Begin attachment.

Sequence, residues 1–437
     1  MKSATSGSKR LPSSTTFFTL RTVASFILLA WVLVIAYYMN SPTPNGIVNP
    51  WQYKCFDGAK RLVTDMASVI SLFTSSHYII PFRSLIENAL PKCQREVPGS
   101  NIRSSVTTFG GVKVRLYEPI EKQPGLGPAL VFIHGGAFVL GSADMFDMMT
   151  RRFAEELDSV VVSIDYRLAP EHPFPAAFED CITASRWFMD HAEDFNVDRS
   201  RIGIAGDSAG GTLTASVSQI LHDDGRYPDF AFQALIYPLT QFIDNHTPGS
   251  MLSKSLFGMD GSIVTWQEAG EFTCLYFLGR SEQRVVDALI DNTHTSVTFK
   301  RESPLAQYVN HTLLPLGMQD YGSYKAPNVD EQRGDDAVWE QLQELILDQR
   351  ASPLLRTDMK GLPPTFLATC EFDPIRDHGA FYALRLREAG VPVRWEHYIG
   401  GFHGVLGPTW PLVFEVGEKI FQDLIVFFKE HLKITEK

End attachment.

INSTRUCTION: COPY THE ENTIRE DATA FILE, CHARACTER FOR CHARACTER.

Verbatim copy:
Sequence, residues 1–437
     1  MKSATSGSKR LPSSTTFFTL RTVASFILLA WVLVIAYYMN SPTPNGIVNP
    51  WQYKCFDGAK RLVTDMASVI SLFTSSHYII PFRSLIENAL PKCQREVPGS
   101  NIRSSVTTFG GVKVRLYEPI EKQPGLGPAL VFIHGGAFVL GSADMFDMMT
   151  RRFAEELDSV VVSIDYRLAP EHPFPAAFED CITASRWFMD HAEDFNVDRS
   201  RIGIAGDSAG GTLTASVSQI LHDDGRYPDF AFQALIYPLT QFIDNHTPGS
   251  MLSKSLFGMD GSIVTWQEAG EFTCLYFLGR SEQRVVDALI DNTHTSVTFK
   301  RESPLAQYVN HTLLPLGMQD YGSYKAPNVD EQRGDDAVWE QLQELILDQR
   351  ASPLLRTDMK GLPPTFLATC EFDPIRDHGA FYALRLREAG VPVRWEHYIG
   401  GFHGVLGPTW PLVFEVGEKI FQDLIVFFKE HLKITEK